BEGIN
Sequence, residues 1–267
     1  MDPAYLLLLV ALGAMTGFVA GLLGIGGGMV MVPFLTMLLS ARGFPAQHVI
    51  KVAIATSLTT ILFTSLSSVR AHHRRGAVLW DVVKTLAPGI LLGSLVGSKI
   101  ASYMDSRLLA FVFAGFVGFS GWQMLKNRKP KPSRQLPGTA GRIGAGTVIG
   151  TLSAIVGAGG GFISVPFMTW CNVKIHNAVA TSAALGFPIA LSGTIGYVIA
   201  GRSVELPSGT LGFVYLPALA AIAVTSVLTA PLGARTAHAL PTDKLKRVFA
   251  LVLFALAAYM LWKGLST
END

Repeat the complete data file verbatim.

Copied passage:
Sequence, residues 1–267
     1  MDPAYLLLLV ALGAMTGFVA GLLGIGGGMV MVPFLTMLLS ARGFPAQHVI
    51  KVAIATSLTT ILFTSLSSVR AHHRRGAVLW DVVKTLAPGI LLGSLVGSKI
   101  ASYMDSRLLA FVFAGFVGFS GWQMLKNRKP KPSRQLPGTA GRIGAGTVIG
   151  TLSAIVGAGG GFISVPFMTW CNVKIHNAVA TSAALGFPIA LSGTIGYVIA
   201  GRSVELPSGT LGFVYLPALA AIAVTSVLTA PLGARTAHAL PTDKLKRVFA
   251  LVLFALAAYM LWKGLST